Philly cops investigate possible cremated remains in former city funeral home

Philadelphia Tribune Photo

By Michael D’Onofrio

PHILADELPHIA — Philadelphia Police are investigating what appears to be dozens of boxes of cremated remains left inside a shuttered Black-owned funeral home in North Philadelphia.

Police searched the former Baker Funeral Home, at 2008 N. Broad St., on Friday afternoon and found the boxes containing what they believed to be cremated remains, a police spokesman said. Police gained entry through a rear garage door.

The investigation began after The Philadelphia Tribune received a tip from two self-described “urban explorers” who had trespassed in the building in March and photographed the boxes on a desk.

The “urban explorers,” who asked not to be named because what they do is considered a crime, shared the photos with the Tribune; they show more than three dozen boxes — some in plastic bags — labeled “Cremation Certificate” and with people’s names on them. Some of the labels include the name Ivy Hill Cemetery, which is in North Philadelphia, and some have dates as far back as 2000.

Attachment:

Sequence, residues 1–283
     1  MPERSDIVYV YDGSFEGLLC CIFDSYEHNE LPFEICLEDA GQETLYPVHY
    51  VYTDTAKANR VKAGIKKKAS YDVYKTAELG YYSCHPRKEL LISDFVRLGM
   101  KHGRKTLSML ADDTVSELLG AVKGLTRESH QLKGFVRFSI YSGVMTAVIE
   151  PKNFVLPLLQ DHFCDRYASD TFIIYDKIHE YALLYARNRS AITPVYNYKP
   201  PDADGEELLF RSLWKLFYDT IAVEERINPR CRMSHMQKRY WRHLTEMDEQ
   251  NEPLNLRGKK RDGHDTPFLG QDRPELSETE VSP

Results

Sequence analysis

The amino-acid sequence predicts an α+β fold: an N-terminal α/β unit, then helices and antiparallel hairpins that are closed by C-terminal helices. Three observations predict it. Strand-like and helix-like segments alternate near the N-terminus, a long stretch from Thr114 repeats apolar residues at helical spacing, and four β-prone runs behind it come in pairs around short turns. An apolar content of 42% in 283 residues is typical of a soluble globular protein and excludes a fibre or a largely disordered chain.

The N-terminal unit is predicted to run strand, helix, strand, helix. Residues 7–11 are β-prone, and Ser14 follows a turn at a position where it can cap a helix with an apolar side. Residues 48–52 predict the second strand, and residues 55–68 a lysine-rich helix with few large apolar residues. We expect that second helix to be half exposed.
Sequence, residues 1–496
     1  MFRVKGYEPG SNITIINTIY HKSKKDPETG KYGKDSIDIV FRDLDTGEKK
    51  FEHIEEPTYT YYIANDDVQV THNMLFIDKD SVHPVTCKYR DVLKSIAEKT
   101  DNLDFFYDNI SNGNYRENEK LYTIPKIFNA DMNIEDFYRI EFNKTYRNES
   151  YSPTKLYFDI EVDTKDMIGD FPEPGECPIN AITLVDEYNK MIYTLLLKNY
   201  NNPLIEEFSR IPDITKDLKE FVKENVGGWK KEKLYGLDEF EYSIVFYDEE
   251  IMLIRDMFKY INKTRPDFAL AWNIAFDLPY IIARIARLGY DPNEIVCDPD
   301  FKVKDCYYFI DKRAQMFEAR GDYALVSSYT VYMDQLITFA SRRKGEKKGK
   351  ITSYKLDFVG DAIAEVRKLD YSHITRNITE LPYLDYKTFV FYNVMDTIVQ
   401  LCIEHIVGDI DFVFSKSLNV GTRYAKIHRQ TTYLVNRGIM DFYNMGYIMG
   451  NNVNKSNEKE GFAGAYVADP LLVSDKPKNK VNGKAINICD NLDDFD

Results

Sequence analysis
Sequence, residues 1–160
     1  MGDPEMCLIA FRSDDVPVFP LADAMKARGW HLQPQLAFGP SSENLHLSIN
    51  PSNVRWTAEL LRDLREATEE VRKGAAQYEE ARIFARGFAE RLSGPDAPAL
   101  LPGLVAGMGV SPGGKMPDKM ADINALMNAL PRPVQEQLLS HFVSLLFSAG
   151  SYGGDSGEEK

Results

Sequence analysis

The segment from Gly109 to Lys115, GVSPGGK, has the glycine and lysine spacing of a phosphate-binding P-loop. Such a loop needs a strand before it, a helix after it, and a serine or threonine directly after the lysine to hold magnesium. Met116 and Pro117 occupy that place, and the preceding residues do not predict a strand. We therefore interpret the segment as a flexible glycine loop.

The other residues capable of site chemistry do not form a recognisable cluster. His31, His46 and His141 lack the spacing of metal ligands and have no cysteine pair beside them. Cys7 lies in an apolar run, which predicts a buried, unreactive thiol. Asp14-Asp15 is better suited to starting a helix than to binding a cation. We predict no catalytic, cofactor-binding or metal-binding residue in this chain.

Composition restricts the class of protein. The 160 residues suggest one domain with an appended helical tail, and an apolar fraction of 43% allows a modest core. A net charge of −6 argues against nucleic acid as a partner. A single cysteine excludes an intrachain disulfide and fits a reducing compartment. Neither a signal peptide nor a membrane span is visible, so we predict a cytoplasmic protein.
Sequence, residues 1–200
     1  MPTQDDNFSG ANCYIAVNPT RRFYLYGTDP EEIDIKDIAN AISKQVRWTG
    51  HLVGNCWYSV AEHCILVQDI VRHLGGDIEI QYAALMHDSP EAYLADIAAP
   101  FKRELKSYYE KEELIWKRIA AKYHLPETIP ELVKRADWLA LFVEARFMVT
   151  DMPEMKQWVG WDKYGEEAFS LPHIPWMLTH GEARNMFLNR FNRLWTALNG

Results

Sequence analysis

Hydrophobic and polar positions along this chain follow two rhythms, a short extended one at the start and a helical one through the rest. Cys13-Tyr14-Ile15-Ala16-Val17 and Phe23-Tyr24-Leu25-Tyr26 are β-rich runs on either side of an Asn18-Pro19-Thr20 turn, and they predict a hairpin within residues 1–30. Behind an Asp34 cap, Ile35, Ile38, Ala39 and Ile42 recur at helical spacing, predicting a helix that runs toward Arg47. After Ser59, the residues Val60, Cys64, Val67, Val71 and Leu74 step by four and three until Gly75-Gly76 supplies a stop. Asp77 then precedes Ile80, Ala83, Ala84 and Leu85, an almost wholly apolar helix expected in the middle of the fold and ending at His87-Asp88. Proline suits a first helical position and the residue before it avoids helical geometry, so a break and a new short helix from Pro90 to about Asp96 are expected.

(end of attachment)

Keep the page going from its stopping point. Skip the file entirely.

In two photos, a plastic bag of what appears to be cremated remains rests beside a small black box, all of which is positioned in front of stacks of dozens of other boxes.

One of the “urban explorers” who found the remains said the funeral home has become “very popular” in their circles in recent months, attracting people who want to take photos inside. The sources both said they contacted the Tribune because they wanted to prevent the remains from being taken.

“People are going in there every day,” said one source. “So eventually it’s going to get ransacked and people are going to steal … and destroy the place.”

Ellen Lyon, a spokeswoman for Pennsylvania’s Department of State, which oversees funeral homes, declined to comment on specific complaints in an email.

“However, speaking generally, we encourage people to report information like this to local law enforcement,” Lyon said. “When we receive information about practices or conditions that violate professional licensing standards, it is passed on to our prosecution division.”

Michael D’Onofrio is a reporter for the Philadelphia Tribune, where this story first appeared. Read the full story here.

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